The bottom line is that we don’t know if Niemöller challenged Hitler at the end of the meeting. The evidence that he did comes from Niemöller himself. The evidence that he didn’t comes from others at the meeting. Given church leaders’ postwar tendency to exaggerate their resistance to Hitler, I’m dubious of Niemöller’s 1963 account. I think Scholder probably got it right. And this is no small issue. The Niemöller legend is built on this encounter with Hitler more than any other and is often used as the primary explanation for Hitler’s hatred of Niemöller and his eventual arrest and imprisonment in July 1937.

In contrast, Bonhoeffer carried on his struggle with the German Christians and the Nazi state from a German pastorate in London from October 1933 to April 1935. I’ve always found Bonhoeffer’s decision to move to England just as the church struggle was heating up a curious one. Tietz quotes a lengthy passage from Bonhoeffer’s letter to Barth in which he attempts to explain his decision, but I think this misses an opportunity to tease out the personality and character traits that led to this odd decision. Bonhoeffer considered leaving Germany again in 1939—this time moving to New York. Does this suggest a tendency to flee when the going gets tough? Were his nerves understandably frayed? Or was the young pastor simply acting strategically? His return to Germany from London in 1935, the rapid abandonment of his New York plans, and his decision to join the political conspiracy need to be factored into this analysis.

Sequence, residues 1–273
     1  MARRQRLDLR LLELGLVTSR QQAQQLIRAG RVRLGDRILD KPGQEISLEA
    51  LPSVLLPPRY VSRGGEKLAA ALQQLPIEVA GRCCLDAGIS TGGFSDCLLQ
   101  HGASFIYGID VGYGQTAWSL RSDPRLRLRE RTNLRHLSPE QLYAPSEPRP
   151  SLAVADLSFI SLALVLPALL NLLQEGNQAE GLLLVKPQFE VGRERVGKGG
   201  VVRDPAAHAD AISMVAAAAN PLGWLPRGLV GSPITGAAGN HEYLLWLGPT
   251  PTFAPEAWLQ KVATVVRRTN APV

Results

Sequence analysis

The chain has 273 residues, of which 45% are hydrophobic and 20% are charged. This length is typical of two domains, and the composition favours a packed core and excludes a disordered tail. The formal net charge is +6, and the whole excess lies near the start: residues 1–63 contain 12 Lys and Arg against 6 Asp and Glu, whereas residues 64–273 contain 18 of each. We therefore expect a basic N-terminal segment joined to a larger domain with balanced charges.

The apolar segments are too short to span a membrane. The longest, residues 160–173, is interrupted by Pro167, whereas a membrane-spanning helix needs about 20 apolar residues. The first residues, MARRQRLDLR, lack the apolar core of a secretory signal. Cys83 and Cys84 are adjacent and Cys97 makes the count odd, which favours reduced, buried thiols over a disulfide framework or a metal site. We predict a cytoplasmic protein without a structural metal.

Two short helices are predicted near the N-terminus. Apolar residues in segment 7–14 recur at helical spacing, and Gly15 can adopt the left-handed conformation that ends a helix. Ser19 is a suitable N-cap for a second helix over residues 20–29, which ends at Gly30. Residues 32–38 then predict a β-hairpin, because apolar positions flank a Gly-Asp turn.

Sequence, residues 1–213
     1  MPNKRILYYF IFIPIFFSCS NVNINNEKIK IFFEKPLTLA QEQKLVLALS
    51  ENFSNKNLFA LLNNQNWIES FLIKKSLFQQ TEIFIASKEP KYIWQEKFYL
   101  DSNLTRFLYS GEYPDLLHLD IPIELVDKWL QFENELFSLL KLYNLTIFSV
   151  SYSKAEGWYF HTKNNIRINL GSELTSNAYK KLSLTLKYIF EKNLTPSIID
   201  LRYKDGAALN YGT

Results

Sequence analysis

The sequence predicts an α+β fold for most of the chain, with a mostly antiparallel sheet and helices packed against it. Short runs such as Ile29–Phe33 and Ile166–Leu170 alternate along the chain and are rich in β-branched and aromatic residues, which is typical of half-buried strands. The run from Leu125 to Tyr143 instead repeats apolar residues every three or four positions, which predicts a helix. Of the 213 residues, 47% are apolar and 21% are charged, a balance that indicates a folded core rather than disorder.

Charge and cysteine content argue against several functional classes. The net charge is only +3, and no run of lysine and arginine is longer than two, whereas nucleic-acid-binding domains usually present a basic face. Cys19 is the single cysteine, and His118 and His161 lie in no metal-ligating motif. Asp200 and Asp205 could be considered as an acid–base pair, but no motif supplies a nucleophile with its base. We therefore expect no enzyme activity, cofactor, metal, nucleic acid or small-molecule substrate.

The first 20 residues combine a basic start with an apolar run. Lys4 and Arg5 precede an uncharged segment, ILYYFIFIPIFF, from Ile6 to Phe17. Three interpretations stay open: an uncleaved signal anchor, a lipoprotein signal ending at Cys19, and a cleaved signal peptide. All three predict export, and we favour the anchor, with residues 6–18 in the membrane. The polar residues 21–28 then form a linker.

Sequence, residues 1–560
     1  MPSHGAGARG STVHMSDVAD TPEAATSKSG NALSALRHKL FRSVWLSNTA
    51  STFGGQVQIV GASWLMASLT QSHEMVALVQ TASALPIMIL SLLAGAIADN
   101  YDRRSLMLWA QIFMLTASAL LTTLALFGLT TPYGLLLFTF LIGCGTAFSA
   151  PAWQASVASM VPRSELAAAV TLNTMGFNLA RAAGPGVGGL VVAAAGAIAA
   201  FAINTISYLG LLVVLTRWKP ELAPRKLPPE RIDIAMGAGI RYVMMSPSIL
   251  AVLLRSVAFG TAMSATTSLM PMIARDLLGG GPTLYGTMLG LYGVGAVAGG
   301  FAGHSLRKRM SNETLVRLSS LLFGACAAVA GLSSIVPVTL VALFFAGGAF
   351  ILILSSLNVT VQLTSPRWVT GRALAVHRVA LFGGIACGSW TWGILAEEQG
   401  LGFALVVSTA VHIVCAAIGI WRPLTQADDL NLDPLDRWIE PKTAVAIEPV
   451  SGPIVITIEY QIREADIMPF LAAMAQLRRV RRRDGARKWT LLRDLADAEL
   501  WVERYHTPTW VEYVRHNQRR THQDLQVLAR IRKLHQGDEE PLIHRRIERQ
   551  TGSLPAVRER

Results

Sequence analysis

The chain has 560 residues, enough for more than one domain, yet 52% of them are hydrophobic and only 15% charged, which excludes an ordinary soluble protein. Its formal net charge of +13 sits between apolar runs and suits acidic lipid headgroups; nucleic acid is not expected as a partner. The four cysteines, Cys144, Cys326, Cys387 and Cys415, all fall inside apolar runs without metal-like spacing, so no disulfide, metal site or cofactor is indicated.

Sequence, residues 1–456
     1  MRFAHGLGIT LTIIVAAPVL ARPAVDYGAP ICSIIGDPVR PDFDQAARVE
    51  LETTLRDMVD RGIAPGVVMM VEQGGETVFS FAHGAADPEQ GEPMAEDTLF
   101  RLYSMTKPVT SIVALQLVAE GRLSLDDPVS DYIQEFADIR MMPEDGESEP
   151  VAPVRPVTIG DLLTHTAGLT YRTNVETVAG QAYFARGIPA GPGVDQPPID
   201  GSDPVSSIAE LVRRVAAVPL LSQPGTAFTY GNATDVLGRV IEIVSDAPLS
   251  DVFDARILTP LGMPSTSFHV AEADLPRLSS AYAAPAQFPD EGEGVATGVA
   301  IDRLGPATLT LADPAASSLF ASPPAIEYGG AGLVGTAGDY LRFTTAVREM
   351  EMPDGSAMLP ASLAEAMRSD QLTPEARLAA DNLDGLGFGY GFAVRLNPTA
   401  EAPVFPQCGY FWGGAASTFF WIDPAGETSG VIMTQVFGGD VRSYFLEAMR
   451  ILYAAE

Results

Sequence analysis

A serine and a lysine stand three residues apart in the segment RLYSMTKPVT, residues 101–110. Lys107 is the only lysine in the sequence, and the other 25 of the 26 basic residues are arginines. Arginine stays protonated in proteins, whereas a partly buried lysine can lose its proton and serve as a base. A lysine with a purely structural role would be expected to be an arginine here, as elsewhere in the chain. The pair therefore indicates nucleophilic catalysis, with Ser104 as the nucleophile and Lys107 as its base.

Tietz’s chapters on Bonhoeffer’s years serving as director the Finkenwalde preachers’ seminary (1935-1938) are the richest of the book, especially her analysis of Discipleship. These were years when Bonhoeffer developed his theology of resistance and wrote some of his most moving essays on the meaning of community. Bonhoeffer saw his duty at Finkenwalde to train seminarians for service in the Confessing Church and the church struggle. His position continued to be more radical than that of his colleagues, many of whom were willing to compromise with the regime on, for example, the loyalty oath to Hitler. His decision to join the political conspiracy in the Military Intelligence office in 1939 best portrays his radical rejection of Nazism. Tietz concludes that Bonhoeffer’s life and thought are still relevant for us today, especially his conviction that faith and theology must correspond to the everyday circumstances of our lives.